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Russia's media watchdog vows to keep battling VPNs, proxies that bypass Telegram’s block

April 17, 13:24 UTC+3 MOSCOW

On April 13, the court upheld the telecom watchdog’s motion to block access to the Telegram instant messaging service in Russia

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© Sergei Bobylev/TASS

MOSCOW, April 17. /TASS/. Russia’s telecom and media watchdog, the Federal Service for Supervision of Communications, Information Technology and Mass Media, will continue blocking services used to bypass the block on Telegram messenger pursuant to the ruling by Moscow’s Tagansky District Court, a source in the regulator’s press service told TASS.

"The Federal Service for Supervision of Communications, Information Technology and Mass Media assumes and will further undertake all necessary efforts to fulfill the court’s decision, particularly related to blocking access to Internet resources facilitating the operation of services provided by Telegram Messenger Limited Liability Partnership. We note that the decision of the Tagansky District Court regarding Telegram imposes the obligation of preventing the creation of technical conditions to access the messenger not only on Roskomnadzor, but on ‘other persons’, which particularly includes companies owning VPNs and Proxy services," the watchdog said.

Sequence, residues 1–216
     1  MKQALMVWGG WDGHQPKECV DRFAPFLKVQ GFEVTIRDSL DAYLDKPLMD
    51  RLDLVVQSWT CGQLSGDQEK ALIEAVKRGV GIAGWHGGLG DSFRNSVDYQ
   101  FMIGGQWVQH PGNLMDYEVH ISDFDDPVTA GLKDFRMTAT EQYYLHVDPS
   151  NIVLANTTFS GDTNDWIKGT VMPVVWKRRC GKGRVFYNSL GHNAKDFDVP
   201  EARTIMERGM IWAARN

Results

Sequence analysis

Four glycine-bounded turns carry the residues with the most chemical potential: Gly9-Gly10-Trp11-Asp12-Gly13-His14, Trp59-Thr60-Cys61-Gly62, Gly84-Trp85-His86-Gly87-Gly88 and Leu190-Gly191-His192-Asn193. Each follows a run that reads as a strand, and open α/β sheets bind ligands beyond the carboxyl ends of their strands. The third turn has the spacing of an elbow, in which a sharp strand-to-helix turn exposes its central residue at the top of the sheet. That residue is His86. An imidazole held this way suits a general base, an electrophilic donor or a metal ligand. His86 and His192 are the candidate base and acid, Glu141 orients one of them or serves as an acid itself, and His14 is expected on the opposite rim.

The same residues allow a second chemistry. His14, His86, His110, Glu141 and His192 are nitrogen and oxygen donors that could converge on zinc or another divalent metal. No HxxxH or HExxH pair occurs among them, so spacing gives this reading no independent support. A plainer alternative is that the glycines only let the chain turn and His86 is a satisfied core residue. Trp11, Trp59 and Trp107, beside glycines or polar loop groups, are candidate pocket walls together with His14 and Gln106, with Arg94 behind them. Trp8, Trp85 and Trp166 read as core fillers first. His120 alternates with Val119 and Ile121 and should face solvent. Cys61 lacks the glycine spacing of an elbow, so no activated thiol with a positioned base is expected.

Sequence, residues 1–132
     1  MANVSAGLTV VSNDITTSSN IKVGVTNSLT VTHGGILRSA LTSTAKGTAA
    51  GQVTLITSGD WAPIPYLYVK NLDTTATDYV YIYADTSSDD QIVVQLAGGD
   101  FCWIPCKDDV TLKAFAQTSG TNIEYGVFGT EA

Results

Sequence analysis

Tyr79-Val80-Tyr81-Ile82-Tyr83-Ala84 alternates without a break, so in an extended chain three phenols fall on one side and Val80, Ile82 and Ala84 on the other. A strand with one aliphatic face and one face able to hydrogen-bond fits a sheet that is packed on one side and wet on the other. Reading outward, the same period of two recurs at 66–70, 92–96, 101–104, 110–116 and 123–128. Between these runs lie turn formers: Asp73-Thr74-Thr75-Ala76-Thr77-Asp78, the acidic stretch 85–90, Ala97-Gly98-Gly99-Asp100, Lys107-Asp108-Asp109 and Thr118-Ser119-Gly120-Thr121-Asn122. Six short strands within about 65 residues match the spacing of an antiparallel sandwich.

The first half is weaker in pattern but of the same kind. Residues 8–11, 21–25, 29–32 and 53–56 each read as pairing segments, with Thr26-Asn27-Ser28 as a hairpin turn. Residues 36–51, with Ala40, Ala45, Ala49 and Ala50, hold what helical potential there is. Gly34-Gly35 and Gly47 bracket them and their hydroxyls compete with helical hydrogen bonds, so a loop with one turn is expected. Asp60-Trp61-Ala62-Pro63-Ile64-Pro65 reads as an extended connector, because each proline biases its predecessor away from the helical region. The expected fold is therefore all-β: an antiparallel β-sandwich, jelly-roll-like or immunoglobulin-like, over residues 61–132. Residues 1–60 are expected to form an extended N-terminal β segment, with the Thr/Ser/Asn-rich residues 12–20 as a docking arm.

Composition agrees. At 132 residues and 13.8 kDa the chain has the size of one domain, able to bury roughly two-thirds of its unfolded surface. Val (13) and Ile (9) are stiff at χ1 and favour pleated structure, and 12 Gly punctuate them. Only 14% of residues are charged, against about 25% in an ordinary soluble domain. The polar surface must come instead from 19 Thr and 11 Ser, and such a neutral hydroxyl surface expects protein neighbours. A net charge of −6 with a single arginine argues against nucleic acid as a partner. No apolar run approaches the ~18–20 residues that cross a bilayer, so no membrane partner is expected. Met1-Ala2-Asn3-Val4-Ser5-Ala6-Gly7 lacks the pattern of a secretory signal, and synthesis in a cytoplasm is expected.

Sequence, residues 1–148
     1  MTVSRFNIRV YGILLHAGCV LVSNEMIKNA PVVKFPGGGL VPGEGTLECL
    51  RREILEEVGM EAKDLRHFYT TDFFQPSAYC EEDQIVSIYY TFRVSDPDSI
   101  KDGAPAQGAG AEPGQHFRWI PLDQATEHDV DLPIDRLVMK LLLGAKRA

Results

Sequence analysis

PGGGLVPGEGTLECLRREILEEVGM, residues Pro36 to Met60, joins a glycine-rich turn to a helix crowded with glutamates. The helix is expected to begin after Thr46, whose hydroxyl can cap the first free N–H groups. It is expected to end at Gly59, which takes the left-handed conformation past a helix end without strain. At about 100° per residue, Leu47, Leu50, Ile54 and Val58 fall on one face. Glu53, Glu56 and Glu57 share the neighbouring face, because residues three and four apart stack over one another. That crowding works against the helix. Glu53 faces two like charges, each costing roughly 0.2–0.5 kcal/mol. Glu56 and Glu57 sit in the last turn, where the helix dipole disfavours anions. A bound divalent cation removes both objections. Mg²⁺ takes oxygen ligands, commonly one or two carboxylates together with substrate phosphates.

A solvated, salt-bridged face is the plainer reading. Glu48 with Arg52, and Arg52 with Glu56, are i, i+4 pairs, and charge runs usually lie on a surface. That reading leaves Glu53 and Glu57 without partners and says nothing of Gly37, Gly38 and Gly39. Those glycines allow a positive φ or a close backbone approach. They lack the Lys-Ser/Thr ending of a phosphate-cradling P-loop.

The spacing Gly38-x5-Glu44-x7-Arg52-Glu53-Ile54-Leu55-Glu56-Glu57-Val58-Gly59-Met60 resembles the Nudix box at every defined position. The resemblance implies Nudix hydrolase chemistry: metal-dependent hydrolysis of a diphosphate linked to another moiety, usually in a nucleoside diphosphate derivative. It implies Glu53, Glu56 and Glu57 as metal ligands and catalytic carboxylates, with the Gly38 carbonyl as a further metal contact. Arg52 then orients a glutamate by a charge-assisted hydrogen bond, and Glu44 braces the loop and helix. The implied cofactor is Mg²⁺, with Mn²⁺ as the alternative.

According to the regulator, access to Telegram will be blocked until the company complies with the requirement to provide information necessary to decrypt user messages to the Russian Federal Security Service (FSB).

Previously, the watchdog’s press service told TASS that it is looking into proxies and VPN-services used to bypass the block in order to make certain decisions.

On April 13, Moscow’s Tagansky District Court upheld the telecom watchdog’s motion to block access to the Telegram instant messaging service in Russia for its failure to provide the keys to decrypt user messages to the Russian Federal Security Service. Telegram said this demand was impossible to comply with technically, since the keys are stored on user devices. On Monday, April 16, the Federal Service for Supervision of Communications said it had received the court’s ruling, and that information on restricting access to Telegram’s resources had been sent to operators.

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